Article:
Chad army will stop joining regional operations against extremists: President

Soldiers of the Chad Army sit on the back of a Land Cruiser at the Koundoul market, 25 km from N’Djamena, on January 3, 2020, upon their return after a months-long mission fighting Boko Haram in neighboring Nigeria. (AFP)
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Updated 11 April 2020

Chad army will stop joining regional operations against extremists: President

  • “Chad has felt alone in the fight against Boko Haram since we launched this operation,” Deby said in a speech broadcast on Friday
  • Chad’s armed forces are among the most respected in the region

N’DJAMENA: Chad’s army will no longer participate in military operations beyond its borders, President Idriss Deby said on Friday, a potential blow to international efforts to defeat extremist militants in the conflict-hit Sahel and Lake Chad region.
Deby spoke during a visit to the Lake Chad zone in the west of the country to mark the end of an offensive against extremist group Boko Haram, which carried out its deadliest-ever attack on the army in March, killing nearly 100 soldiers in an ambush.
On Thursday, the army said a further 52 soldiers had died in the 10-day counter-operation against Boko Haram, which it said had killed 1,000 of the militants and driven them from two island bases in the lake, which borders Chad, Cameroon, Niger, and Nigeria.
“Chad has felt alone in the fight against Boko Haram since we launched this operation,” Deby said in a speech broadcast on Friday.
“Our soldiers have died for Lake Chad and the Sahel. From today, no Chadian soldier will take part in an external military operation,” he said.
It was not immediately clear how the decision would impact the anti-extremist operations of the Multinational Joint Task Force (MNJTF) comprised of troops from countries bordering Lake Chad. Its work had already been complicated by divisions and a lack of cooperation.
Chad’s armed forces are among the most respected in the region, a reputation forged during decades of war and rebellions, and honed in a 2013 campaign against Al-Qaeda-linked extremists in the deserts of northern Mali.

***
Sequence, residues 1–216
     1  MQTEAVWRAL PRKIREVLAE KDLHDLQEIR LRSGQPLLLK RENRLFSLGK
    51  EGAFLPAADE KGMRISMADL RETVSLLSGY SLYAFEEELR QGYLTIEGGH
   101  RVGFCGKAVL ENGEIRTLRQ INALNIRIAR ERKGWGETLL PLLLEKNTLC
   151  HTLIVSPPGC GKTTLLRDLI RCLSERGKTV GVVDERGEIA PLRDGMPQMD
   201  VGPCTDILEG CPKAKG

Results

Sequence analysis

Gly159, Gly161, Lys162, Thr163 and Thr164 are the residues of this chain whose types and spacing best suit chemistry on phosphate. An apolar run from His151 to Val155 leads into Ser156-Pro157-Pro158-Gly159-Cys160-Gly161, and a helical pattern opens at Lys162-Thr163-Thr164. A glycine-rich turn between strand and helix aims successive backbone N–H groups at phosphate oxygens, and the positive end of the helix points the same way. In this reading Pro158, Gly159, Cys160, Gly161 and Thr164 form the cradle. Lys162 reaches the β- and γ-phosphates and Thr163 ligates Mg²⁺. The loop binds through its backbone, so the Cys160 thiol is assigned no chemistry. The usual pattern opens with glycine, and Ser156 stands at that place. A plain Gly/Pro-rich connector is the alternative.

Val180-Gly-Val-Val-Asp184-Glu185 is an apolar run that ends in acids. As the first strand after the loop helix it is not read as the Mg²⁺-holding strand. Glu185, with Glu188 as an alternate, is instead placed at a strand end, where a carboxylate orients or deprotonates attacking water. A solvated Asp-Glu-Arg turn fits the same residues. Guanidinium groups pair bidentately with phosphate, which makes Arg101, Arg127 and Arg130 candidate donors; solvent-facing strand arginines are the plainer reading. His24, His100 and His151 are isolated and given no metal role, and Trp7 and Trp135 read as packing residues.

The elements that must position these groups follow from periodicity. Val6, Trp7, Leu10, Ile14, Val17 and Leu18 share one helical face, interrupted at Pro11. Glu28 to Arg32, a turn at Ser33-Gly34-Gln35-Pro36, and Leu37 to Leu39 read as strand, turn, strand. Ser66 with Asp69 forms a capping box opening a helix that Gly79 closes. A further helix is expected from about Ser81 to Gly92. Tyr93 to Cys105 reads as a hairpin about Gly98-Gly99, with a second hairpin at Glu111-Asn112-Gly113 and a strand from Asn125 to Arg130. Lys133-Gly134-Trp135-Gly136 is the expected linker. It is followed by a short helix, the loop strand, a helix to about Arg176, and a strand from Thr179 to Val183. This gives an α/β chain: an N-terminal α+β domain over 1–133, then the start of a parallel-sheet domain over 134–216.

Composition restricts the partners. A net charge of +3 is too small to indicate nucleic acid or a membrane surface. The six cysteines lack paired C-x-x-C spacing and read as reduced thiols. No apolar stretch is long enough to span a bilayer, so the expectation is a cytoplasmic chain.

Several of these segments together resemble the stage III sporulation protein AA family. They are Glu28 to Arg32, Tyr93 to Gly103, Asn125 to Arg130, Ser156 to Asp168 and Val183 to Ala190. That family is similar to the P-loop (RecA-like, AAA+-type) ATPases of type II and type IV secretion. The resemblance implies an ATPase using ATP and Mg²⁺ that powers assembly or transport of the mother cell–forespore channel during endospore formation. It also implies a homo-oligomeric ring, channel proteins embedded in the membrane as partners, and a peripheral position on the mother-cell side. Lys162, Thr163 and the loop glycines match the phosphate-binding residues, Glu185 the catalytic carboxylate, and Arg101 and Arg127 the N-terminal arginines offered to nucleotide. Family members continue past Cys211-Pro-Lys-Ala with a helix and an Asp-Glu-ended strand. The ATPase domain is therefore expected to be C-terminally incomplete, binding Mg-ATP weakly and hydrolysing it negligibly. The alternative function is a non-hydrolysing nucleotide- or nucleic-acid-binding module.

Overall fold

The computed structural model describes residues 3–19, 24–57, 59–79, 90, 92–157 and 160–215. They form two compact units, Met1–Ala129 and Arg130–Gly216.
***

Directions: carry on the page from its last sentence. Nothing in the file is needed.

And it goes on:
Its suspension of external military operations could also affect the France-backed G5 military force, which battles a growing extremist militancy in the Sahel region with soldiers from Mali, Mauritania, Niger, Burkina Faso and Chad.
In recent years, militants linked to both Al-Qaeda and Daesh have strengthened their foothold, making large swathes of territory ungovernable and stoking ethnic violence, especially in Mali and Burkina Faso.


In Bolivia desperate family leaves coffin in the street

Updated 04 July 2020

In Bolivia desperate family leaves coffin in the street

  • The Andean nation has reported 36,818 confirmed cases of COVID-19 and 1,320 deaths

LA PAZ, Bolivia: The rising toll of COVID-19 deaths is overwhelming the Bolivian city of Cochabamba, where desperate relatives of one apparent victim of the new coronavirus left his coffin in the street for several hours on Saturday to protest difficulties in getting him buried.
Neighbor Remberto Arnez said the 62-year-old man had died on Sunday and his body had been in his home ever since, “but that’s risky because of the possible contagion.”
After a few hours, funeral workers showed up and took the coffin to a cemetery.
Police Col. Iván Rojas told a news conference that the city is collecting “about 17 bodies a day. This is collapsing the police personnel and funeral workers” in the city of some 630,000 people.
“The crematorium oven is small, that that is where the bodies are collecting,” said national Labor Minister Óscar Mercado, who told reporters that officials were preparing 250 new burial plots in the city’s main cemetery.
The Andean nation has reported 36,818 confirmed cases of COVID-19 and 1,320 deaths.